Germany's news in English

Editions:  Europe · Austria · Denmark · France · Germany · Italy · Norway · Spain · Sweden · Switzerland

Refugee firm 'knew' about guard abuse

Share this article

Refugee firm 'knew' about guard abuse
A man in a refugee centre run by European Homecare in 2012. Photo: DPA
09:12 CEST+02:00
European Homecare, which provided the guards who were photographed abusing refugees in secure accommodation, were made aware of the abuse by internal whistleblowers, German media reported on Monday.

Westdeutsche Rundfunk journalists said that workers they spoke to at other security firms committed the violent assaults against people in their custody with the knowledge of the head office.

“We even got stuck in ourselves sometimes,” one unnamed guard told news broadcast Westpol.

Guards in one refugee centre in Burbach were reportedly nicknamed 'The SS' after Hitler's stormtroopers because of their violent behaviour and far-right as well as sometimes criminal backgrounds.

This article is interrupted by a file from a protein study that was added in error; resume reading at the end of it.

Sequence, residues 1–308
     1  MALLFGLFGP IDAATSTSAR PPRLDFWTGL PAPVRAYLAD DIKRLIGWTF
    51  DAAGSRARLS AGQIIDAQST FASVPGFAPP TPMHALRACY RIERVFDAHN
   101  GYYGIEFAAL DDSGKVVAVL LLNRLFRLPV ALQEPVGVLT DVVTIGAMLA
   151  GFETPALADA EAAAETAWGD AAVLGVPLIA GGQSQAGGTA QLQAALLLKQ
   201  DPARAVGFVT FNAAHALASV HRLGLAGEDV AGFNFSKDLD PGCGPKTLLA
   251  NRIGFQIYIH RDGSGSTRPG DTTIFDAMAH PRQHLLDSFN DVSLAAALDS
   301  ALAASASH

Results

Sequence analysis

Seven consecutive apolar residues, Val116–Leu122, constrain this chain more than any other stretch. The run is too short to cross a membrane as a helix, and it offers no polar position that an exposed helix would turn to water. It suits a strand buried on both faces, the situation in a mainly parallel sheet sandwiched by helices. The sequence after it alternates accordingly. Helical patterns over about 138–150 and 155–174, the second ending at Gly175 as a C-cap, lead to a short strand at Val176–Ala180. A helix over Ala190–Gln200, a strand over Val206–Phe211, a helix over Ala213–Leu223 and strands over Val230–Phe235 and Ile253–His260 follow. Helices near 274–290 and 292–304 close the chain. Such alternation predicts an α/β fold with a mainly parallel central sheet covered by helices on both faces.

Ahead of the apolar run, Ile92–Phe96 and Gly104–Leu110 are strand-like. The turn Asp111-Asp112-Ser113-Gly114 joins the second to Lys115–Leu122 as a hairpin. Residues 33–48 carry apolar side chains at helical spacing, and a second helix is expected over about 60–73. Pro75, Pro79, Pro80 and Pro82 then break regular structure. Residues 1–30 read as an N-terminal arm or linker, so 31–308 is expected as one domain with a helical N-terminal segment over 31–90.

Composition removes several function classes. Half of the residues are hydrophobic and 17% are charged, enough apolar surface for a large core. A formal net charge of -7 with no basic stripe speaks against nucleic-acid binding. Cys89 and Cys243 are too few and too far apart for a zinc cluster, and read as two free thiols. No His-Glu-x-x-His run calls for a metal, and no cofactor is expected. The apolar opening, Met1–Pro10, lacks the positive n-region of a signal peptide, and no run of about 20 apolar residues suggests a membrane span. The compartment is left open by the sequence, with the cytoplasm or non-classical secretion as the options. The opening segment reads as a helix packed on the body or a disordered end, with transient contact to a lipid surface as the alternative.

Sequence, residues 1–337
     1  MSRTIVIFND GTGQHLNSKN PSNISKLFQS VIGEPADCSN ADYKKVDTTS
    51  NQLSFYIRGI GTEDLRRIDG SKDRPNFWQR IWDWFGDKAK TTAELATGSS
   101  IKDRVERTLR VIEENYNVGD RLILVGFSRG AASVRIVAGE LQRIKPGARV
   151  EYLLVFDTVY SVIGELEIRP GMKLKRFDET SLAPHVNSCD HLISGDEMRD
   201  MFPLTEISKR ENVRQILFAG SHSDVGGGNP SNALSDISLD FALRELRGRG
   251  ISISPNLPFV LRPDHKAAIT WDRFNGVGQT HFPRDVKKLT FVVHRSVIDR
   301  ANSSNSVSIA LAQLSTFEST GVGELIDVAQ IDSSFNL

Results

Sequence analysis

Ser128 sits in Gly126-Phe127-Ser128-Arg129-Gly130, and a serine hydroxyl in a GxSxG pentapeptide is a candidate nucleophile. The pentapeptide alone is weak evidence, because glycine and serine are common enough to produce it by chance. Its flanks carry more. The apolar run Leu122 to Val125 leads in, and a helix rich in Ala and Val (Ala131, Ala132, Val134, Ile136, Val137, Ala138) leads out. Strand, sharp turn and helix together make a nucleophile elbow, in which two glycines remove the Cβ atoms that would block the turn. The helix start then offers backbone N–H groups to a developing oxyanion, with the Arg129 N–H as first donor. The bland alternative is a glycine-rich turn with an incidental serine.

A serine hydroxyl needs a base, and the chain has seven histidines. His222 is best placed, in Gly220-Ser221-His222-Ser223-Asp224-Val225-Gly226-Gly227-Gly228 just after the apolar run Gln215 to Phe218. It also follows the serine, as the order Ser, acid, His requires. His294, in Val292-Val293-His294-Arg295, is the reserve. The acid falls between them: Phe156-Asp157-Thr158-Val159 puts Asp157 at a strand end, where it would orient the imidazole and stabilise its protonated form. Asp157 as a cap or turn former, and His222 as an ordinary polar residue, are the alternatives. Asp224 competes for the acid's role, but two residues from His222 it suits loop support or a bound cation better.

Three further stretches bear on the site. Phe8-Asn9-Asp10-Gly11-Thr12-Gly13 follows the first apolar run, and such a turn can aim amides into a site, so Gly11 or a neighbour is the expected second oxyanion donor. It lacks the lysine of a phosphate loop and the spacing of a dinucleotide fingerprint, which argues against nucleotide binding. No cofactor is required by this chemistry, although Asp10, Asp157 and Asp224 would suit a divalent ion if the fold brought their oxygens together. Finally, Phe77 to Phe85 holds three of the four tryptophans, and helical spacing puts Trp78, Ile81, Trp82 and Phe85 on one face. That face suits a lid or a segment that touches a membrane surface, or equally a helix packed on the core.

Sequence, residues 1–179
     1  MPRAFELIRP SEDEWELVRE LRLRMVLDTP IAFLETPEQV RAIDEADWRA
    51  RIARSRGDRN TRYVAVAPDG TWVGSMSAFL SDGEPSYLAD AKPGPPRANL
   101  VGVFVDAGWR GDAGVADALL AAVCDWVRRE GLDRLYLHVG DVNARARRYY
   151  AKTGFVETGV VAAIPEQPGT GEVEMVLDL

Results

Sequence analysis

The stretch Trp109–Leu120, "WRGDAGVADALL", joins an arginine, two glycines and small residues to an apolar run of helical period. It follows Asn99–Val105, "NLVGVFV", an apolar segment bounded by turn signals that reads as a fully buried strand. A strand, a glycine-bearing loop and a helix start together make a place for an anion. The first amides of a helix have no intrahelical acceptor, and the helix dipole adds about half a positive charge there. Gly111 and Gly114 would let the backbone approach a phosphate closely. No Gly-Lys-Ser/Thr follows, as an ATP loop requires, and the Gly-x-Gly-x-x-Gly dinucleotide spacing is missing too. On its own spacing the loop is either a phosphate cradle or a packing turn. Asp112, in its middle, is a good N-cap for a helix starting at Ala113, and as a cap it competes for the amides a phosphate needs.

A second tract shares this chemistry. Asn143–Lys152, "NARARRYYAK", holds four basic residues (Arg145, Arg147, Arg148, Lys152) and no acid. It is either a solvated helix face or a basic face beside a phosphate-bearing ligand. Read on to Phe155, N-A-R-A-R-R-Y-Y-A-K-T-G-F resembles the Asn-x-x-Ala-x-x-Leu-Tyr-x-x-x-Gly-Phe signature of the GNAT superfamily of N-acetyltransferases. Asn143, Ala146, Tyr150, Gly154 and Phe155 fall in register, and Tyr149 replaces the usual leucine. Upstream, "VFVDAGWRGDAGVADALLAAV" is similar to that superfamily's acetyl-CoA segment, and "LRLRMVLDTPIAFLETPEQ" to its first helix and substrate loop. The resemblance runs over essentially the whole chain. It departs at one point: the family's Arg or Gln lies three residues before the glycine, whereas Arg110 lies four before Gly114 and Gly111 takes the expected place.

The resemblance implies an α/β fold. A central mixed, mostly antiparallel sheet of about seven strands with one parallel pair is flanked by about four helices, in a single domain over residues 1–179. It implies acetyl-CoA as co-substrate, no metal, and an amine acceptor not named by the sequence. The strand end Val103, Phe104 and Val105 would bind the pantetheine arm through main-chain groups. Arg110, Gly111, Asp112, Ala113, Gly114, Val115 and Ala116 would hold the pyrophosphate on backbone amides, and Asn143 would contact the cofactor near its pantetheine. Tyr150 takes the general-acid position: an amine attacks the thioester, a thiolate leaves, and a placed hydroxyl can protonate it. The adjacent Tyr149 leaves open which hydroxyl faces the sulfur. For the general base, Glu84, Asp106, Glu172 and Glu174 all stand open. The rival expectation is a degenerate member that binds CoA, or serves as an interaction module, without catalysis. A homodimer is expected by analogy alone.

The firm also provided suggestions for appropriate punishments for those held in the refugee centres. One group of people in the Optipark centre in Essen were locked out of their rooms.

European Homecare, which was paid by the government of North Rhine-Westphalia to manage the refugee centres, did not immediately respond to the allegations.

It had previously released a statement saying its leaders were “stunned and shocked” by the abuse committed by their employees.

The company has responded to the crisis by firing the subcontractor it gave responsibility for its security contracts, which had itself sub-contracted the work to a third party.

Police are investigating 11 of the guards provided to refugee centres by European Homecare.

SEE ALSO: 'Criminals are at work in refugee homes'

Get notified about breaking news on The Local

Share this article

The Local is not responsible for content posted by users.
Become a Member or sign-in to leave a comment.

From our sponsors

Four ways to lower your rent in Germany

It's often expats in Germany who find themselves paying unduly high rent, but that doesn't mean you can't get a better deal - even if you've already signed your tenancy agreement.